An interesting choice of subject, given the location. Spot the two red arrows seemingly carrying symbols of catholicism and protestantism, skewering the dove – a symbol of peace…
Take Donegall Street and double back onto North Street for a further glut of murals and shutters.
A familiar face from my hometown, Elph, can be found on the shutter of the former fishing tackle, now art shop, J Braddell & Sons Ltd. His work, inspired by Japanese culture and landscapes is so good to look at. Getting up close is a must, the way he uses the spraycan to create some of the deftest touches on his paitnings always fascinates me.
One of my favourite spots from my visit rests just a little further along North Street – in and around the car park on your left hand side, and the seemingly derelict upper floors of the adjacent office block.
A selection of my favourite pieces below – this spot seems to be a bit more dynamic than some of the others meaning some of these might not be here when you go, but this gives you a flavour of what to expect.
I was particularly interested in the long piece depicting controversial DUP leader Arlene Foster. I’d stick my mortgage on this artist not being much of a DUP fan…
Lower Garfield Street
Another area with more ephemeral artwork, plenty fresh paint around this area when I dropped by, and seemingly a spot for more “traditional” letters based work, but not exclusively. Some nice work here to check out and well worth a walk through.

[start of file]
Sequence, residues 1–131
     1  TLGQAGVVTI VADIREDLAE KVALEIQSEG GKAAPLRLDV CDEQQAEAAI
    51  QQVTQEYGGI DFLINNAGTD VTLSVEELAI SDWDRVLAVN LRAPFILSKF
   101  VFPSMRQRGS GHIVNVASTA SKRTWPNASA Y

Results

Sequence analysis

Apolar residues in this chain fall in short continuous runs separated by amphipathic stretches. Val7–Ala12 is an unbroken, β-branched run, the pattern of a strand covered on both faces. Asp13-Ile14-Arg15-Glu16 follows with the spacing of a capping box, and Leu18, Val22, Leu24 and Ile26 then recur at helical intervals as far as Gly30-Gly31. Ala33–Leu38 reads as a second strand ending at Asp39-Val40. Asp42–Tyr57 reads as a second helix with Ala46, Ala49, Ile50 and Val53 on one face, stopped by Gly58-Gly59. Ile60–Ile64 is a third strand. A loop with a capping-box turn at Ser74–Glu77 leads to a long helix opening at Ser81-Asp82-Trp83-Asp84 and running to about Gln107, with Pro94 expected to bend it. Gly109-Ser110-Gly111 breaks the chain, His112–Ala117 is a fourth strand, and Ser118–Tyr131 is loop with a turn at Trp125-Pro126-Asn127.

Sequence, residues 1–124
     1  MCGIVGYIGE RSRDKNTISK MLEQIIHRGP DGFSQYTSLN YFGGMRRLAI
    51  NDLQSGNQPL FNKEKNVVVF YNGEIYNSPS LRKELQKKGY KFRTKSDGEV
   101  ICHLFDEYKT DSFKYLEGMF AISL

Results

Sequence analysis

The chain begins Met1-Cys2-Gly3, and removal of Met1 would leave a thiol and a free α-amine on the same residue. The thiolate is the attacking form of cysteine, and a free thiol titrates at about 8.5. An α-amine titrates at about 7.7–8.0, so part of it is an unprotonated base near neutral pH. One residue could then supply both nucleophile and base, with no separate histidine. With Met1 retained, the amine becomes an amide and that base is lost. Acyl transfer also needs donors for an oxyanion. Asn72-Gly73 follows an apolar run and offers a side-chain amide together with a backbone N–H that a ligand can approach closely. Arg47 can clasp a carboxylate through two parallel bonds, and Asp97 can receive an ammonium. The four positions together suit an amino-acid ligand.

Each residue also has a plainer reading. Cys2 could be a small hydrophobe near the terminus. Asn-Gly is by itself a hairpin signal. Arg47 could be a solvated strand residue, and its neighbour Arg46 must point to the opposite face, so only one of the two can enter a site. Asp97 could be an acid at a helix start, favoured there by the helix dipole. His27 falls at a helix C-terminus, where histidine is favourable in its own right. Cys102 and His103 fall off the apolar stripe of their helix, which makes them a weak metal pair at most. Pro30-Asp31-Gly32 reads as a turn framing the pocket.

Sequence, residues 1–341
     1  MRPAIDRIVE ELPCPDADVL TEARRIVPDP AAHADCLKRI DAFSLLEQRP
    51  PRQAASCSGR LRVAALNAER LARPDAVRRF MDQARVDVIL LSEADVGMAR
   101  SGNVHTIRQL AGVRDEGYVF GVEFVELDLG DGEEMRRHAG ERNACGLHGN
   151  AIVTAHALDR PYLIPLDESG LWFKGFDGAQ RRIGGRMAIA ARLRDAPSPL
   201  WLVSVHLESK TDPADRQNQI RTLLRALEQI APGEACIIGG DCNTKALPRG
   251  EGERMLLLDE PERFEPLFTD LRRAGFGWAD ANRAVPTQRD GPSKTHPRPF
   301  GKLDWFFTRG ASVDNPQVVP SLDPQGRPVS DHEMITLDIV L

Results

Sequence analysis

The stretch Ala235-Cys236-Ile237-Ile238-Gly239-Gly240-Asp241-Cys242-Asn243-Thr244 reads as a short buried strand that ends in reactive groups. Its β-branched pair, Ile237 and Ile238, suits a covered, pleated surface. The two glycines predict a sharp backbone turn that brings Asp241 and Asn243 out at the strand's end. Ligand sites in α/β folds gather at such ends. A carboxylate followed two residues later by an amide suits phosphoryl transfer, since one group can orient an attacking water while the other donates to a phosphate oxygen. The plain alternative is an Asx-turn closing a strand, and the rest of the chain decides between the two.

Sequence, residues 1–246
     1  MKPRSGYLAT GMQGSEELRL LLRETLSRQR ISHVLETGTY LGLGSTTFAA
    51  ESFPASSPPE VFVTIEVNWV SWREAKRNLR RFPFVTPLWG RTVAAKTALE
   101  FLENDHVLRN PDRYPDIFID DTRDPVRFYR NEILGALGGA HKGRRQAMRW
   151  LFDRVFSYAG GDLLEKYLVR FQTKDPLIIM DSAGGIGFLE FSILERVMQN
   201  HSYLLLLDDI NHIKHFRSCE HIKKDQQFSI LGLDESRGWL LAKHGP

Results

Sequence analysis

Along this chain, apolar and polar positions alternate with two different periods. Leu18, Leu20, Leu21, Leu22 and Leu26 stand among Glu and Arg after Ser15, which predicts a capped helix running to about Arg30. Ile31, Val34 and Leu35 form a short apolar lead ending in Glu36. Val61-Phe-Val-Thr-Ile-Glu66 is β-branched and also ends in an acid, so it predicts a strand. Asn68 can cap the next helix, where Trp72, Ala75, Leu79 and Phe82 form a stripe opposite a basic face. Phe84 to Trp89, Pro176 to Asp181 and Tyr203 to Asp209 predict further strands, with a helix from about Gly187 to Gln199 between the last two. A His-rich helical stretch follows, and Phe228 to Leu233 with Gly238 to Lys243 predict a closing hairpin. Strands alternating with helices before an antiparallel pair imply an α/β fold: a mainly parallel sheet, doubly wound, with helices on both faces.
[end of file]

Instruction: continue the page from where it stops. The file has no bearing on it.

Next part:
I enjoyed this particular piece which looked to have been dismantled and rebuilt on a dark night. Popping out the top looks to be the background of an older Elph piece…it all works really nicely together although probably not intentionally.
Nip past the Belfast Central Library to enjoy some larger scale works along this strip from the likes of Le Bos with his 90s aesthetic, Andy Council with more incredible animal like figures, and Artista whose work is pretty prominent around London these days and definitely worth checking out.
Probably my favourite of the Kent Street work came from EMIC – “3d glasses in sunflower”.
This particular painting reminds me of El Mac’s work, possibly because of the figurative monochrome piece surrounded by the vibrant colours. That said EMIC’s work is not merely a cut and paste, far from it. A definite highlight from this trip.
The final stops of this tour – by this stage you’ve ticked off some of Belfast’s major street art sites and collected more than a few photos.
Spin around from EMIC’s work and you’ll catch a glimpse of Parisien artist Kashink, notable in street art circles for her delicate moustache painted on her upper lip.
Her characters, usually men, “preferably fat and hairy, looking like badass yet sensitive gangsters, alien-looking ogres, or shamans from ancient tribes” are unmistakably hers.
Similar in their vibrancy, vividness and immediate likeability to the work of Mr Penfold and Malarky, but with the clear influence from Frida Kahlo’s work, most notably through her inclusion of references to Amerindian and Mexican culture.
This particular piece from 2016 focusses on women’s rights, not men, and is especially poignant given current revelations in the press…
Head south along Union Street and keep your eyes peeled for the last bit of work from Glasgow local Conzo Throb collaborating with Elph, his playful characters adorning the shutter of the delghtfully named “Belfast Meats”, nicely combined with Elph’s trippy background work.
And that’s us! Plenty more to be seen in Belfast though, these are just to get you started. If you have more than just the hour or so that I had you’ll have little trouble finding new and different work in these locations, and close by.
As always, if you use this tour, share your photos with me on Facebook, Twitter and Instagram – and share the tour with anyone you know who’s into their art and travelling to this fascinating city.